Cameron Johnson

Teaching on an Indian reservation

When Cameron Johnson walks into an elementary school classroom, she breathes a sigh of relief and smiles.

For her, it's exactly where she's supposed to be.

"In the classroom, I'm able to dance and teach with enthusiasm, stand on tables, make students move around and have energy themselves," says Cameron, a graduate education student in curriculum and instruction. "It's important for them to believe in themselves at such a young age. I didn't necessarily have that; I loved learning, but I didn't like school. I want to make it for them the way I wish it had been for me."

Originally from Charleston, S.C., Cameron came to LaGrange College as an undergraduate transfer student from a university in Ohio. She thought she would major in pre-medicine and become a pediatrician until she shadowed someone in the medical field and realized it wasn't her calling. Because she enjoyed children, she decided early childhood education would be a good fit.

"I just fell in love with it," says Cameron, who earned her bachelor's degree in early childhood education from LaGrange College in 2012. "Since I've been at the college, I've had field experiences in each grade, and I student taught fifth-graders at Franklin Forest Elementary."

She says rather than her teaching youngsters, they instead have taught her.

"I didn't realize how much they would impact me," says Cameron, who is working as a graduate assistant in the college's Office of Student Engagement while she pursues her master's degree. "The experience has shown me how uniquely created we all are. I've truly been able to see how every student is smart, every student has a gift, and every student has potential."

While at LaGrange College, Cameron also had an internship at a local cognitive therapy center and worked directly with a child who has autism. Because the child and his family live in New York and travel to LaGrange for the specific learning the center provides, Cameron spent several weeks in New York with him.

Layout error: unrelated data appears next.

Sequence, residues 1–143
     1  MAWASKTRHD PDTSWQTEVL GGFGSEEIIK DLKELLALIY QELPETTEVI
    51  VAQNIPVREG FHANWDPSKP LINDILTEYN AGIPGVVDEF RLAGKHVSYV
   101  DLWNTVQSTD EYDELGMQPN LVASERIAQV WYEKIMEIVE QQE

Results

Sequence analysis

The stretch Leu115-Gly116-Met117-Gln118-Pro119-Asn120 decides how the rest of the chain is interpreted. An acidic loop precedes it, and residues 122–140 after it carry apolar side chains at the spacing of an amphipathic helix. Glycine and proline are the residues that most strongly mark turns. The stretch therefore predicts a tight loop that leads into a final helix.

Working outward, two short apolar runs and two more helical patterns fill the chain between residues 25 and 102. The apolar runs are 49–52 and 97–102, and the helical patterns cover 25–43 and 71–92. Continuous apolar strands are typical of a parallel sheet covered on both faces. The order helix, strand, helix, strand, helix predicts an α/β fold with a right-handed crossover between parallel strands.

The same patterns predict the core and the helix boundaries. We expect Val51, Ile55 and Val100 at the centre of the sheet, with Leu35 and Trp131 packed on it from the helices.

She also interned at Ault Academy in LaGrange, which is part of a residential program that serves the needs of behaviorally and emotionally disturbed middle- and high-school-age males. And this summer, she will travel with LaGrange College's Education Department to the United Kingdom, where the group will observe classrooms. Some students will present their master's theses to a board there.

She says the Education Department's faculty members have made her experience at LaGrange College transformative.

"I came here still trying to figure out who I was, what I believed in, where my faith was, and if I even had faith," she says. "Coming here was definitely supposed to happen for me. I have been able to search and ask questions about who I am and who I want to be. My professors have shown me there are no bad questions, no judgment. This has transformed me in seeing life as a learning experience, as a journey and not a destination."

Cameron plans to teach on an Indian reservation after she earns her master's degree.

"I went to Arizona to visit, and I shadowed my sister-in-law, who is a nurse," she says. "I'm just fascinated by the culture and laws surrounding Indian reservations, and the more I research it, the more fascinated I become."

Cameron says many of the families on the Indian reservation she visited do not see education as a necessity, and through her visit, she saw how the U.S. government sends teachers to the reservation so the Indian people can learn strategies, but those teachers do not stay. She also saw how secluded the reservation is from its surroundings.

"There's a language barrier, and on top of that, the students are taught our ways, our culture," she says. "The education they're given now separates them from their own traditions. It really saddens me that their culture is taken out of their learning experience. Their culture is so rich, and their history is so rich, and I want to be able to teach them where they can keep that as part of their education."

 


Friends for the Journey

LaGrange College attracts the best and the brightest from all over the world. For example, our most recent incoming class consisted of men and women from 19 states and 10 countries, and included:

  • 76 members of Beta Club or the National Honor Society
  • 71 members of service organizations
  • 51 team captains in varsity sports
  • 25 leaders involved in student government, with 11 presidents
  • Three students involved in school publications, one as editor
  • Two Eagle Scouts
  • 20 musicians in band or orchestra
  • 18 singers in choir
  • 31 entertainers in performing arts
  • 85 students in religious activities.

But you don’t have to be a star in high school to succeed at LaGrange. Here, you’re given the opportunity to discover the best in yourself and find your destiny – all in a caring and supportive environment.